From the peak of Mount Everest to Costa Rica’s pristine beaches, the remote work trend is filtering down to adventure tour operators and impacting how they plan itineraries, negotiate with suppliers and even pick the destinations they travel to.
For most white-collar workers a two-month trip across Latin America would have been off-limits before the pandemic, but shuttered offices coupled with remote working has given them a newfound freedom to roam.
Furtenbach Adventures, G Adventures, and Intrepid are just three outfits welcoming the new trend as they start to see changes in the way guests want to travel. And even at the top end of the corporate ladder, CEOs, investment bankers and consultants are showing a thirst for adventure, taking advantage of the extra flexibility remote work offers them.
“A few years ago, CEOs were fine with having internet access at base camp, so they could send emails and make their calls, but now it’s not enough,” said Lukas Furtenbach, founder and owner of Furtenbach Adventures. “They need to be online even on the summit, maybe even have a Zoom call at the last camp at 8,000 meters. And that’s crazy, but it’s becoming normal.”
The Austrian family-run tour operator, which also has a U.S. branch called Infinity Expeditions, has seen an uptick in clients opting for a “hypoxia tent” in which they sleep for up to eight weeks at their home before traveling to their mountain of choice. This lowers the oxygen level in their blood so they arrive acclimatized and means busy executives can reach the summit of Mount Everest, the world’s highest mountain, in just three weeks.
“They want to have the same success as they do on Wall Street, and move that to the mountains,” Furtenbach added. “The problem with these people is that before there was never any time. They could never afford to take off eight or nine weeks, whatever the cost. Our idea was we had to find a way to make the expedition shorter, and that’s when we started these flash expeditions.”
This demand for constant internet connectivity during an expedition is a common theme for G Adventures, but the Canadian tour operator is also extending the duration of its itineraries.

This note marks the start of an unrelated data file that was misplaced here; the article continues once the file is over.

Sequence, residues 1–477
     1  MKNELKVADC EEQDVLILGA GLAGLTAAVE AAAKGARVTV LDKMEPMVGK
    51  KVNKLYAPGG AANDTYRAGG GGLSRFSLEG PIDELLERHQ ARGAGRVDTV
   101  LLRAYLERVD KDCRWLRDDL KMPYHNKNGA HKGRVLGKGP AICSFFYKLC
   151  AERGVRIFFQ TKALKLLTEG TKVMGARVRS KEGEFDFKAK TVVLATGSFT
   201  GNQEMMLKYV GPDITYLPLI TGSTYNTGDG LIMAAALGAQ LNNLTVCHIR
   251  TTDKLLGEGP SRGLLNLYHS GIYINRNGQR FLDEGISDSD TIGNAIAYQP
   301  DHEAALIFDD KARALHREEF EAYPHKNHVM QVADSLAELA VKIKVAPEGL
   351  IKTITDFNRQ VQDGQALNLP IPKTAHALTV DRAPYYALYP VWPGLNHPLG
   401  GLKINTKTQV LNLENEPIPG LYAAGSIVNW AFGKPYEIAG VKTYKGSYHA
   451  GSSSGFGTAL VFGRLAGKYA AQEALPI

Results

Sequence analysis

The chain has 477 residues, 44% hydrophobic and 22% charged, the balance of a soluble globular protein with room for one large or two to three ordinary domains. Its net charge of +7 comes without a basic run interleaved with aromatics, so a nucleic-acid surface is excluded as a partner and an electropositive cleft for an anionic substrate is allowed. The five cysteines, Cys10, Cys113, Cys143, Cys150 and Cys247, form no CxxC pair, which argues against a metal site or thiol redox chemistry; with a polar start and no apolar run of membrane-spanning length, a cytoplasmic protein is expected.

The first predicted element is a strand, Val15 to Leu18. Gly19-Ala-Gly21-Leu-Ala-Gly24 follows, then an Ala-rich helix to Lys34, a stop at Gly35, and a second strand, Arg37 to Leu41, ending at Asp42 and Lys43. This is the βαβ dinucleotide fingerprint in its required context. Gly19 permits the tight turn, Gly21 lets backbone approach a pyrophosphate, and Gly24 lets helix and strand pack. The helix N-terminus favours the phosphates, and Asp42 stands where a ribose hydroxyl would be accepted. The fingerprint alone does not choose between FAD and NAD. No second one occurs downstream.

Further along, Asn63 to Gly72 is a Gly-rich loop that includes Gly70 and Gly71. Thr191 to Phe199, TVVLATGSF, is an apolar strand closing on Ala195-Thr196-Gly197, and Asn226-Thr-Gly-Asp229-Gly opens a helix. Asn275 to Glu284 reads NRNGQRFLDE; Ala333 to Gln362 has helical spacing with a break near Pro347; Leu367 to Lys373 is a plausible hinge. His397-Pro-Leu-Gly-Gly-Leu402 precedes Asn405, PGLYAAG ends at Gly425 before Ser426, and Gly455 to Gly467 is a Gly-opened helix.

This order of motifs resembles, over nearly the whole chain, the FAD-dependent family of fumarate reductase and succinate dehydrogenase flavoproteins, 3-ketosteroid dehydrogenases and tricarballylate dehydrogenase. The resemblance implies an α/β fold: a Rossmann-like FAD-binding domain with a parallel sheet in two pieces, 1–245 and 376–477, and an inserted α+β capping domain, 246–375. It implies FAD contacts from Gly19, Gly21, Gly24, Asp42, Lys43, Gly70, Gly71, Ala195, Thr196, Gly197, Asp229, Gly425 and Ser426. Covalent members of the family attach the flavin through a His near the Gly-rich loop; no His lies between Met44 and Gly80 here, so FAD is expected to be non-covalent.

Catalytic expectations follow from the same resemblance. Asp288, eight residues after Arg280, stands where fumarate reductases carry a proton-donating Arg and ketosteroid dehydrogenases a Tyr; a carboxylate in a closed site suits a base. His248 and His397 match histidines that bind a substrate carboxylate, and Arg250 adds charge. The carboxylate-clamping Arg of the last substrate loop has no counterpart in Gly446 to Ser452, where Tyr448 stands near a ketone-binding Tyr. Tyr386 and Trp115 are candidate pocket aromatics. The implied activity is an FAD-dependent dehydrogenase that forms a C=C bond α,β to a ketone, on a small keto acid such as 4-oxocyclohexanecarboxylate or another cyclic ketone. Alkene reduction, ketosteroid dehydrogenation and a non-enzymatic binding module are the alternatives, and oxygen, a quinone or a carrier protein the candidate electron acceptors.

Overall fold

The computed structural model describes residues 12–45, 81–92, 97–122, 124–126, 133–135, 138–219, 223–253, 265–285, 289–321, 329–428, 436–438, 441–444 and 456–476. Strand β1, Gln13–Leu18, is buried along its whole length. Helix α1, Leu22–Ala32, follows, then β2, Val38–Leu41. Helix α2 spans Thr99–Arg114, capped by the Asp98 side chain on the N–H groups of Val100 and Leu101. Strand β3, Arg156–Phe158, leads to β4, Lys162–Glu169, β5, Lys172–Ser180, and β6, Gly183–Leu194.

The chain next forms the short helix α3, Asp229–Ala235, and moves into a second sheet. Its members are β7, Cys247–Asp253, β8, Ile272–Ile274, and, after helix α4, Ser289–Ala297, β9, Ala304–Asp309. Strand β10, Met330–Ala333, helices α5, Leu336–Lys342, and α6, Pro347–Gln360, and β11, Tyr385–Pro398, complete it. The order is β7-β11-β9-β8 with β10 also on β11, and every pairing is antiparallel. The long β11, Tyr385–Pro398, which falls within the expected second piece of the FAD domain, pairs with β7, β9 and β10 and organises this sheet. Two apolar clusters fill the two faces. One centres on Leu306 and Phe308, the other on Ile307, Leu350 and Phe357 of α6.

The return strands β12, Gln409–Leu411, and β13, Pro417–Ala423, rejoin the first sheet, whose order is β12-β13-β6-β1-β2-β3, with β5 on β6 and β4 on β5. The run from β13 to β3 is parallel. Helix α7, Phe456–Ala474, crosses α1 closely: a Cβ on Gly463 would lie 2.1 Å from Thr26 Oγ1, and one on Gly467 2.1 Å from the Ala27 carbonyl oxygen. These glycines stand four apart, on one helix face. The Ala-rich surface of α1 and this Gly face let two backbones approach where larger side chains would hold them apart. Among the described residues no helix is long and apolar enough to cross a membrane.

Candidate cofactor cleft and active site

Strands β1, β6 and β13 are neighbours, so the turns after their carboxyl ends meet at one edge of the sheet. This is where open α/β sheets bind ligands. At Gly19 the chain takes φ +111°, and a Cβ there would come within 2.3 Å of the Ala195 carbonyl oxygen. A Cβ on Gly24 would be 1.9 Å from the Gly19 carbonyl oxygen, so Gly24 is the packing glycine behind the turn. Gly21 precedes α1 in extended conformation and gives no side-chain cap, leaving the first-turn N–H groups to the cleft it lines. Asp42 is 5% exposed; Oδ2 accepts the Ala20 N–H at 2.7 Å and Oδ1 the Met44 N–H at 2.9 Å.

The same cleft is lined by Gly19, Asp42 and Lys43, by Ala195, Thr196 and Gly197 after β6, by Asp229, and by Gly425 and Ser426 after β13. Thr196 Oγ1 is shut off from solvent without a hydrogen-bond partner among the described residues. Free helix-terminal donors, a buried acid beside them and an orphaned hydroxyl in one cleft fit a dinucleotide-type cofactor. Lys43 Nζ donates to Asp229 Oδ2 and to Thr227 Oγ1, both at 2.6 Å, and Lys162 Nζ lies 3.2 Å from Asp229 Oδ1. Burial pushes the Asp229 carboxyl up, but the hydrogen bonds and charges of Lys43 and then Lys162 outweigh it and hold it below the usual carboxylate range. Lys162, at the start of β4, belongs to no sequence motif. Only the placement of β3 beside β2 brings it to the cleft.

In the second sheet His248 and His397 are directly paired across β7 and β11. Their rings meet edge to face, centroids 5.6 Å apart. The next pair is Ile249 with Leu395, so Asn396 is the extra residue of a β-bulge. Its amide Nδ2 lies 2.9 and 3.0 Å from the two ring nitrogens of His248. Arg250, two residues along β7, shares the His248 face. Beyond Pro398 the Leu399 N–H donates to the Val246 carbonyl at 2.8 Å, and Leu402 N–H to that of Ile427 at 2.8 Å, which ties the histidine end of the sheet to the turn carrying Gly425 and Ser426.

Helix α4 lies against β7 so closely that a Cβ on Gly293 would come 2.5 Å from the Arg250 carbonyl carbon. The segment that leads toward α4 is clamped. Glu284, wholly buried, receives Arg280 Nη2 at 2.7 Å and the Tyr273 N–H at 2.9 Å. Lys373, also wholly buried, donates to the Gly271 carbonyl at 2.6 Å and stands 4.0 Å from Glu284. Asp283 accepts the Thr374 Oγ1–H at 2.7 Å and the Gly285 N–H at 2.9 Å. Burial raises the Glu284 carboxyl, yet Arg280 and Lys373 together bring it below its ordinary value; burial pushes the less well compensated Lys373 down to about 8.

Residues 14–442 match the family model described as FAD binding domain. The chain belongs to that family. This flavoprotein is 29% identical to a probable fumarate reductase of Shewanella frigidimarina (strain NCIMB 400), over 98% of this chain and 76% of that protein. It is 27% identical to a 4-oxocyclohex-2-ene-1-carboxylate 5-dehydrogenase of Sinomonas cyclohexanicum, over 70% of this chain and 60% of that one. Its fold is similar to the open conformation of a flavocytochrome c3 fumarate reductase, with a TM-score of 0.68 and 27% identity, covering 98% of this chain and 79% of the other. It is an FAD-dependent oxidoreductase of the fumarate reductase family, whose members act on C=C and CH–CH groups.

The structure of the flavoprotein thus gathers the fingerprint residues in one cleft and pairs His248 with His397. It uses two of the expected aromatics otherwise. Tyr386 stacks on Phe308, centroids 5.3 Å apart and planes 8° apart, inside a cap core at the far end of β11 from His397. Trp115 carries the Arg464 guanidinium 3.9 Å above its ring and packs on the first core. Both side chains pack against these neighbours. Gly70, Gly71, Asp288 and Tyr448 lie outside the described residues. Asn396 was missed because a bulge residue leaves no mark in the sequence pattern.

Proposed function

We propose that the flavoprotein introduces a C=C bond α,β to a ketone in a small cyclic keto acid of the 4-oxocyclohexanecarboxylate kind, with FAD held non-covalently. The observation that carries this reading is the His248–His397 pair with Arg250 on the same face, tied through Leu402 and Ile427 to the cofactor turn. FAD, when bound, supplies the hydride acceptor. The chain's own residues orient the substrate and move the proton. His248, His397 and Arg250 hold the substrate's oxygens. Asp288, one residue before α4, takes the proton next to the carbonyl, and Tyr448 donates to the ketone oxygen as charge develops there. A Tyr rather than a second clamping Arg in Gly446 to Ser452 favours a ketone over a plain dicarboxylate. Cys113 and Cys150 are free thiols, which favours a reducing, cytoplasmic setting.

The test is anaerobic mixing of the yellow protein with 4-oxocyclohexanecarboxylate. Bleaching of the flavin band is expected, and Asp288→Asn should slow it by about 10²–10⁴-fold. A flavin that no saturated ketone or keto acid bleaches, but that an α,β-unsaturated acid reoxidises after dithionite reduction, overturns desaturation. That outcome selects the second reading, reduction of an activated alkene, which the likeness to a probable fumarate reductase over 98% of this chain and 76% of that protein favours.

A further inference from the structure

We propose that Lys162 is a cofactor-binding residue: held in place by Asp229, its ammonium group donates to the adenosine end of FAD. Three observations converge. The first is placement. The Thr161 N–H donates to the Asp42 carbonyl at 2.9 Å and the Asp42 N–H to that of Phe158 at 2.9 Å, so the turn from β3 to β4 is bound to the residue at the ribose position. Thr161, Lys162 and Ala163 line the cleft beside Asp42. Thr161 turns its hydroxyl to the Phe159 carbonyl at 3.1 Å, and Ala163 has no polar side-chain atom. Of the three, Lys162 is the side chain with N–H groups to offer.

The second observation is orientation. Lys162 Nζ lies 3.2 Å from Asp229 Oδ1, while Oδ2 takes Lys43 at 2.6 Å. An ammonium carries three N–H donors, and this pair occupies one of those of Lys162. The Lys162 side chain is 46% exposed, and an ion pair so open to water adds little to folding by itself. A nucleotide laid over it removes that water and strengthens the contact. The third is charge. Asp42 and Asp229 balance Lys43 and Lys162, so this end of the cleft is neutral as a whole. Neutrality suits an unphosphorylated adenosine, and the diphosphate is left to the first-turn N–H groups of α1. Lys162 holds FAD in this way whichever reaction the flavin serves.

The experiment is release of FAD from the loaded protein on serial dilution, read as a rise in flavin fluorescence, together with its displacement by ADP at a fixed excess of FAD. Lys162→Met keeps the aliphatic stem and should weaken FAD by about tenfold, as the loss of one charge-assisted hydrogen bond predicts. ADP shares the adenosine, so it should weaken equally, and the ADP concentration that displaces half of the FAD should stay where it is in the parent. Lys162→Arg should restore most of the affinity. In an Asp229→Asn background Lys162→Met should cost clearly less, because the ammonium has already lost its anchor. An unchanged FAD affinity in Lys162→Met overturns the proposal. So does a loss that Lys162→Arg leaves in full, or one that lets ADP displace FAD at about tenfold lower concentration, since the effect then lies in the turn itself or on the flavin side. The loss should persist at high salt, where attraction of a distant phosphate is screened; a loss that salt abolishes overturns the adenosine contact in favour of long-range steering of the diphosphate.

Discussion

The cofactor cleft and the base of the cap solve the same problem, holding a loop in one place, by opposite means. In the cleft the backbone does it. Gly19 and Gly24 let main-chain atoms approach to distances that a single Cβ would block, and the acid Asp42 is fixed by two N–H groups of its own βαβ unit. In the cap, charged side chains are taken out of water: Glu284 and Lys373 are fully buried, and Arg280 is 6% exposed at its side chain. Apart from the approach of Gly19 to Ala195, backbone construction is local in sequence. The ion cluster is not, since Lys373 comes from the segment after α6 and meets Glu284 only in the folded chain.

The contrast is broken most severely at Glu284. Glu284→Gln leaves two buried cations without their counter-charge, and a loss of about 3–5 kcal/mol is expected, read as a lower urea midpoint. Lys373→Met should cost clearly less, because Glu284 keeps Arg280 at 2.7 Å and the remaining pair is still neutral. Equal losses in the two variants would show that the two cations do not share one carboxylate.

Before Covid there was a push for shorter tours, according to founder Bruce Poon Tip, and two or three years ago it was offering eight or nine-day tours as people wanted do more in less time. The average duration increased to 16 days, but on the other side of Covid people want to immerse themselves for longer periods, he added.
“It’s an amazing thing for us, as we’ve always felt people should see a country more in depth, and it’s hard for us to deliver an intimate experience in a week,” Poon Tip told Skift. “Now they’re able to do it without taking holiday time. They’re working while they’re going and we’re seeing so much of that.”
G Adventures is also building more flexibility into schedules, and people are taking afternoons off to check their emails or opting to miss an excursion one day because they have to attend meetings. “It’s happening so much, but they’re taking one of our trips and simultaneously working. It’s very interesting,” he added.
According to its own research, 19 percent of people said they planned to combine work and travel in Dec. 2020, but that figure almost doubled to 37 percent in its Dec. 2021 poll. It also found that 46 percent of 18-34-year-olds said they were currently able to work from anywhere.
In response to the data, G Adventures launched a new program called Roamies with Hostelworld last month to help travelers that need to work and travel at the same time, with hostels tending to offer good Wifi and spaces to work from.
“Connectivity is really important and that’s not something we considered before. Most hotels will have Wifi, but we didn’t check on it like we do now,” Poon Tip said. “It becomes a much more critical part of our buying process when we’re talking to hotels and accommodations.”
Rival Intrepid Travel is also reacting to new trends.
“Our tailor-made and private groups team has seen a noticeable increase in requests for longer trips, often a month or more, to destinations such as South America, South Africa or South East Asia,” said Zina Bencheikh, managing director, Europe, the Middle East and Africa. “Now that remote working is so widely accepted, clients are able to combine travel with work much more easily,” she added.
The tour operator is also building in plenty of free time for work or meetings, as well as ensuring its accommodation has enough space to work comfortably in and has decent wifi connectivity. “The ability to work from anywhere has opened up opportunities for longer, slower and ultimately, more sustainable travel. With more companies going fully remote, I’d expect this will be a trend that’s here to stay,” Bencheikh said.
Destinations Take Note
As well as checking hotel Wifi more throughly, G Adventures is preferring to operate in countries that aren’t constantly opening and closing their borders. Poon tip calls out stellar performances from the likes of Peru, Greece, Croatia, Switzerland, Egypt and Morocco.
But it’s Costa Rica that has emerged as one of the most popular destinations. “They handled things, it seems, better than anyone else. As a tour operator, it’s given us confidence to invest in the region. We invested in Spain, for instance, and it closed, opened, closed, opened,” Poon Tip said. “We’re not in the business of investing in marketing if you get people on trips and then have to refund money.”
Omicron may have derailed many expedition and adventure holiday plans, with operators now delaying tours until the new variant has passed as the cancellations came flooding in, but later this year we could see huge numbers of remote workers hit the trail, with laptops in tow, for a summer workcation boom.
Copyright 2022 Skift. All rights reserved. From https://skift.com. By Matthew Parsons, Skift.